Oh yeah, they also released MARI Indie as well… suppose I should mention that.  I have absolutely no experience with Mari, so I figured I would go with their description:


MARI indie is the fastest, most artist-friendly way to texture, paint, and detail amazing 3D assets for your game projects. Fine-tuned for individual developers and freelance artists in the game industry, MARI indie is an invaluable toolset that lets you focus on the artistic aspect of 3D game asset painting without getting bogged down by the technical side -- free of any individual commercial restrictions and without breaking your budget!


Delivering massive power and flexibility at minimal cost, MARI indie gives you ultimate control over painting and detailing every facet of your 3D models and animations in a way that's quick, intuitive, and highly creative -- all in one complete package that lets you work just the way you want.

Supported by the world’s most advanced layering system, MARI indie is a real workhorse. It gives game artists and content creators all the functionality they need to exactly replicate the look of assets in their games engine.


Once again, MARI Indie has no limitations on commerical usage, all limitations are technical:


  • Project file (.mra) linked to Steam account / cannot be shared with other users
  • Allowed export formats: .psd, .png, .tga, .jpg
  • Output formats no longer available .exr, .tif, .tiff, .hdr, .dds, and .ptx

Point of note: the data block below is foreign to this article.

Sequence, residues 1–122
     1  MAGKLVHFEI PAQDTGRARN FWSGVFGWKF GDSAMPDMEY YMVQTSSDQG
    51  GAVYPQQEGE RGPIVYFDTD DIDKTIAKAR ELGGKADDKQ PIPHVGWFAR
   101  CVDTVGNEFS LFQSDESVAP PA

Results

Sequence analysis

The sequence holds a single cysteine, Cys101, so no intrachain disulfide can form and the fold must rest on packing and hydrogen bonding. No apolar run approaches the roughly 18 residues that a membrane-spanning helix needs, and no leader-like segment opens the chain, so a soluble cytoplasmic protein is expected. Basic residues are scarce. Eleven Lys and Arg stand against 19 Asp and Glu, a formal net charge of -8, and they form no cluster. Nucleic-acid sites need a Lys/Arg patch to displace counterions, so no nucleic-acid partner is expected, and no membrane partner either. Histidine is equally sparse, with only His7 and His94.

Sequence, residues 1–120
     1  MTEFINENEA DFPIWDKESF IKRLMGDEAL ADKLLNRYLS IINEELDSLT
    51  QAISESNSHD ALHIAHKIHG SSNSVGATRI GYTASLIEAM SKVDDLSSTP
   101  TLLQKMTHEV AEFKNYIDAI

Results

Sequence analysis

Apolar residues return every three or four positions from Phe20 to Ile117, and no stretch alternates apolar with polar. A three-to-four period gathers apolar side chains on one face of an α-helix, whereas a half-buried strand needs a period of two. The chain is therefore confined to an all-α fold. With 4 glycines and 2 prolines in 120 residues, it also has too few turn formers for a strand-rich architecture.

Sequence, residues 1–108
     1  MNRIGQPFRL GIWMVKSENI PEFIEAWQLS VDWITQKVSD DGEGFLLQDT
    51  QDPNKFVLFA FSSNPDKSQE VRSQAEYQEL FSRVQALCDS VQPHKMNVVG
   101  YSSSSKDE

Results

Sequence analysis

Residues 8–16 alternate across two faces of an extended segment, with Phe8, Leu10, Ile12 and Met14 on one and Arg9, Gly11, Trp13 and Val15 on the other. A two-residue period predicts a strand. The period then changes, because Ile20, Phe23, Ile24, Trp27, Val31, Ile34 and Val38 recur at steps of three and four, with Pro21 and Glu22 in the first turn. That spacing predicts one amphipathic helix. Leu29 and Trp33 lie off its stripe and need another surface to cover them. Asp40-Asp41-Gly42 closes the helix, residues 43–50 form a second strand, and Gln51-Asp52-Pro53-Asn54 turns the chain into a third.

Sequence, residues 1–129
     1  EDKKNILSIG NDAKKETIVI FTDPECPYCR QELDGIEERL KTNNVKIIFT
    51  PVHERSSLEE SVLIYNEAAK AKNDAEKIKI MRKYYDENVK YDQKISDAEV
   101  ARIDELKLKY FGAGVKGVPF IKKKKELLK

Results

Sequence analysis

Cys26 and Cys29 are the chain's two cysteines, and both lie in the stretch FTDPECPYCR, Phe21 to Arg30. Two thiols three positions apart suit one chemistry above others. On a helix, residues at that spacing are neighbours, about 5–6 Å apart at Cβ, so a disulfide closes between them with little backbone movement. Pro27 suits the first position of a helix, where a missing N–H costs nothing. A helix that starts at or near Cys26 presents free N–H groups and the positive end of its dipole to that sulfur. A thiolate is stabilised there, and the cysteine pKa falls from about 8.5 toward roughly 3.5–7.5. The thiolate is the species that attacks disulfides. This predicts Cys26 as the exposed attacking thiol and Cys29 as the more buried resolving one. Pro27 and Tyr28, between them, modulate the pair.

• The patch count is limited to 2 patches
  • The object count is limited to 3 objects
  • The output texture resolution size has been limited to 4k
  • Python scripting disabled


With zero experience with MARI I have no opinion on these limitations either way.


But WAIT, there’s more!




Yep, there is also a subscription plan available.  And at as low as $11 CDN a month it’s pretty freaking reasonable too.  For example, Maya LT is $30 a month, although they only offer monthly rates.

Art News

9. December 2014


In this video tutorial we look at using the different types of Cameras available, using a Camera to position your world in a device independent way.  Next we discuss the various Viewport options available for making your render results look best across a number of devices.  Since this video was released at the same time as the text version of the tutorial, I will be linking to those tutorials for code examples.


You can see the full 1080p video directly on YouTube or embedded below.



For the text tutorials, or for the code or assets used in this tutorial, check this tutorial on Cameras and this tutorial on Viewports.


Additionally, the text only tutorial also covers converting coordinates too and from your world coordinates, something I forgot to do in the video tutorial.


AppGameKit Studio

See More Tutorials on!